Quote Originally Posted by Pastiche
any mat serves to isolate, and somewhat formalize the image. The roots of the mat certainly (read-educated guess) come from the longer and more thought out traditions of classic painting.
That said - I'm with Ken. I don't want anyone looking at the mat/frame.
There is a simple optical reason as well - light tones advance, darker tones recede. The mat should not be lighter than the highlights IN the picture (or so goes the academic thinking), but just a few shades off.
There are also other things going on - from the gallery's viewpoint, they want the work on the wall to not "compete" with each other (group show situations), so having a uniform mat and frame style puts every image on a level playing field.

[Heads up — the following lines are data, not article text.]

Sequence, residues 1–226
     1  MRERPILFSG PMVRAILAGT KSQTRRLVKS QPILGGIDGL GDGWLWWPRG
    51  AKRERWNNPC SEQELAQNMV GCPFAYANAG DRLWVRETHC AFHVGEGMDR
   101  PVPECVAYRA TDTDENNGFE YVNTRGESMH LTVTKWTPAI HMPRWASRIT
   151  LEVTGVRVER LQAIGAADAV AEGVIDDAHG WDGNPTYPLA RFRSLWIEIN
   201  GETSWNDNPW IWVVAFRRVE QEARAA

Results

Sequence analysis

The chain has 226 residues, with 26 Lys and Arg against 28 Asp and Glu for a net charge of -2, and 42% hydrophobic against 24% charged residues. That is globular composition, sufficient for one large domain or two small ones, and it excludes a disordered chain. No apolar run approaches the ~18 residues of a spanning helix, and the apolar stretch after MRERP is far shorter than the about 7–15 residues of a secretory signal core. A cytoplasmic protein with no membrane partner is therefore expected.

AND - the assumption is that once the image is purchased, the buyer is expected to mat the image as he/she pleases (if they dont like what it came with), as well as frame it in acordance to their particular tastes/setting. Your carefully selected overmat may get discarded, and replaces with any color they wish - after all, they own the thing, who's to tell them what to do with it?
I think this makes sense and I think the print in consideration should stand on its own without needing support from the matting/framing chosen.

I will remember the "light tones advance, darker tones recede" statement---I have often thought that some of my prints would look better if matted on a light gray or off white mat, but just have never done it.

Chuck